The US Food and Drug Administration (FDA) has granted orphan drug designation to Restanza, from Advanced Life Sciences, a novel antibiotic currently under research by the US Defence department as a potential defence against lethal pathogens such as anthrax and the plague.
Advanced Life Sciences is currently conducting studies of Restanza as a bioterror countermeasure agent under a contract with the US Department of Defence.
Restanza (cethromycin) is novel, once-daily oral antibiotic, for the prophylactic treatment of plague and tularaemia, both of which are classified as category A bioterrorism agents by the US Center for Disease Control.
The company has also reported that the drug has demonstrated significant success in preventing anthrax infection and symptoms post-exposure.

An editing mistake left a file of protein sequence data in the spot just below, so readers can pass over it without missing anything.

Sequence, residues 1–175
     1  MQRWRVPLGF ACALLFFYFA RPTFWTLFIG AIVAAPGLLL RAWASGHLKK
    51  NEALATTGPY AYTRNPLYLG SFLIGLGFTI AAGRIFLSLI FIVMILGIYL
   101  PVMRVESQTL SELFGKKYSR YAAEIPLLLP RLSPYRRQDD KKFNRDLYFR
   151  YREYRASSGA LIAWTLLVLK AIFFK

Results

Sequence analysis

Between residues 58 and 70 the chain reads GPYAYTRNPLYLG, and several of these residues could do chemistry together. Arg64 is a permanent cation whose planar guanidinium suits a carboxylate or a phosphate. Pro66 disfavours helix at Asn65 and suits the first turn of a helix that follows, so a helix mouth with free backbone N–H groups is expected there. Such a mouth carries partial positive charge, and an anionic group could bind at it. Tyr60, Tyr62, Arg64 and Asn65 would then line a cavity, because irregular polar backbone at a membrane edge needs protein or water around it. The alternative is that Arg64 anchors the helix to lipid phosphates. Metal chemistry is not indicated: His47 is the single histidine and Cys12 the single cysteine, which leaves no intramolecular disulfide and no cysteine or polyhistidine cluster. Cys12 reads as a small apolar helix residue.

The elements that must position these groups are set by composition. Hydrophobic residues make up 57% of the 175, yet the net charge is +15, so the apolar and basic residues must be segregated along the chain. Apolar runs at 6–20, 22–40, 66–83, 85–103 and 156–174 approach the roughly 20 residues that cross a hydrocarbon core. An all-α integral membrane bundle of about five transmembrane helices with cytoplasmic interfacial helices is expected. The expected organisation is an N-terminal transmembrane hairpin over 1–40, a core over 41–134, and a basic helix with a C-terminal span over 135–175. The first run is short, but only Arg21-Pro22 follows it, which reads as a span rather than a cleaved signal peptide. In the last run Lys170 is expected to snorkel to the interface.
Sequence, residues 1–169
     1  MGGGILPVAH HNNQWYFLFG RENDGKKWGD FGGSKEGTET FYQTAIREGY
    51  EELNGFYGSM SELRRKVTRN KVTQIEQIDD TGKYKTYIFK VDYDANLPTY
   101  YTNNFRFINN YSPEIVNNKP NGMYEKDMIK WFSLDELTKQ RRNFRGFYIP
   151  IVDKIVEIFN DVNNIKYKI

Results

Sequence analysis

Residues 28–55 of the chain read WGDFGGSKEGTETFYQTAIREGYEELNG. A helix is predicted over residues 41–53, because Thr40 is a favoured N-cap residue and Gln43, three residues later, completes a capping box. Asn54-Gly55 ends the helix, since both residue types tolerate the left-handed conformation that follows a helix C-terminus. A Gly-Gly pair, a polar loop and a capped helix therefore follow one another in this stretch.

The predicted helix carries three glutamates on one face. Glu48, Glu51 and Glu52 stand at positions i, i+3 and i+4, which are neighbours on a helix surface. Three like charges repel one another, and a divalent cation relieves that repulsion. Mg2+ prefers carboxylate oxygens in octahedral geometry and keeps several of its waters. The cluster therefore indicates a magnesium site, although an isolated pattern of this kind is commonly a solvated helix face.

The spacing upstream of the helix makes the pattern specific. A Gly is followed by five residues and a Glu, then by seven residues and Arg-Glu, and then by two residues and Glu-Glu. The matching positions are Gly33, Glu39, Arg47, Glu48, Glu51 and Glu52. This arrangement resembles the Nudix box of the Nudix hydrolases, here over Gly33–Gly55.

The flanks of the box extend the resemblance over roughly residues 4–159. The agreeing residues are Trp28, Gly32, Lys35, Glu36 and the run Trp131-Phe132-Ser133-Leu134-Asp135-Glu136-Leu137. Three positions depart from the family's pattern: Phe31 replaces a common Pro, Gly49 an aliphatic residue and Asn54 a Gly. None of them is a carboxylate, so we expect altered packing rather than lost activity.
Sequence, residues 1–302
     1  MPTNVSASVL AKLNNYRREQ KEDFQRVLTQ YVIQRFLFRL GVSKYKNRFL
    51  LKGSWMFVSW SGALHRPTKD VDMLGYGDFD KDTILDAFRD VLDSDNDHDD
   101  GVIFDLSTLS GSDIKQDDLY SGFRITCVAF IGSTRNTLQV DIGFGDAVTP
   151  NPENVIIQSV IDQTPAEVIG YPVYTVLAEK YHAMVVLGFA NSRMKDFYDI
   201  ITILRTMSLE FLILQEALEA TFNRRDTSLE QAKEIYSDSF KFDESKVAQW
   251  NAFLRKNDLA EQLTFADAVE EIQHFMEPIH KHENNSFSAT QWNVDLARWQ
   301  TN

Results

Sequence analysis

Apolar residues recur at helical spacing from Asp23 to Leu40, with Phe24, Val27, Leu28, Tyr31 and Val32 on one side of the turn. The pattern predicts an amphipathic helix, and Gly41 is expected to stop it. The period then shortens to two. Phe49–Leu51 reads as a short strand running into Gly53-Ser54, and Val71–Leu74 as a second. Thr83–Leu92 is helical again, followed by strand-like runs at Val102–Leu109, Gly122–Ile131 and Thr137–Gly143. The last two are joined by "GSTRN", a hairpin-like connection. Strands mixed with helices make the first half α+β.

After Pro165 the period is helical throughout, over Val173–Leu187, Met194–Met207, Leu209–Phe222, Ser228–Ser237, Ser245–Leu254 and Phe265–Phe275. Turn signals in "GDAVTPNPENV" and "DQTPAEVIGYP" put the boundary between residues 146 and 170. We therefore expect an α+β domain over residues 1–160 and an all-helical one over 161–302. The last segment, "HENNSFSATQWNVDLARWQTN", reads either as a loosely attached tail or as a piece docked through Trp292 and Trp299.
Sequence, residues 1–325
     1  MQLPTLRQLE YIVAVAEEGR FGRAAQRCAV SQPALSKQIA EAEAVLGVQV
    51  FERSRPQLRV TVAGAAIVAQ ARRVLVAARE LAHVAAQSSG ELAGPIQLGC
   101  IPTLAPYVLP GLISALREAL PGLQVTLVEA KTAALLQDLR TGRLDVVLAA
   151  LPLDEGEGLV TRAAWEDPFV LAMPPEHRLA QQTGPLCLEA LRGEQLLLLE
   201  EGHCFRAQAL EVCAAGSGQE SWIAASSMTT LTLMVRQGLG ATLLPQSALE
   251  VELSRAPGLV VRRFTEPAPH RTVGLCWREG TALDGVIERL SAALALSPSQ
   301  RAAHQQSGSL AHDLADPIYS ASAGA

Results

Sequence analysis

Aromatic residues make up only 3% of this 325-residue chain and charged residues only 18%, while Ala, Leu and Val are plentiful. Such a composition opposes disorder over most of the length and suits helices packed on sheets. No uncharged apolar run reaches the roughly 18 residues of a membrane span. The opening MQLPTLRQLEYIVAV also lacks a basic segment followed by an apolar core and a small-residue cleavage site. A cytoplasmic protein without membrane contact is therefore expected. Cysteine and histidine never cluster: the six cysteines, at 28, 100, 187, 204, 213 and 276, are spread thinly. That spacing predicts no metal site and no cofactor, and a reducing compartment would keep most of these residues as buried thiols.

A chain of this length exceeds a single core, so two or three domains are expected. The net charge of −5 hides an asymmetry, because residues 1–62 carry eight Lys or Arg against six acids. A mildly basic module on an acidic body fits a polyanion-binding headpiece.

The company is presently conducting animal studies on plague and tularaemia under the FDA's 'animal rule' by the end of 2009.
If these studies continue to confirm the usefulness of Restanza as a potent medical biodefence, Advanced Life Sciences will meet with the FDA early next year to finalise a biodefence regulatory plan and to seek marketing approval.
Advanced Life Sciences chairman and chief executive officer Michael T Flavin said that Restanza could be a major breakthrough in biodefence preparedness against lethal pathogens.
"Pathogens such as anthrax, plague and tularemia represent extreme public health threats of potentially epidemic proportion as they are highly infectious and fatal diseases particularly if aerosolised," Flavin said.
"Restanza is a major advance, given its novel mechanism of action, demonstrated broad spectrum of activity against multiple bioterror agents and favourable safety profile."
The FDA's Orphan Drug Act is intended to assist and encourage companies to develop safe and effective therapies for the treatment of rare diseases and disorders.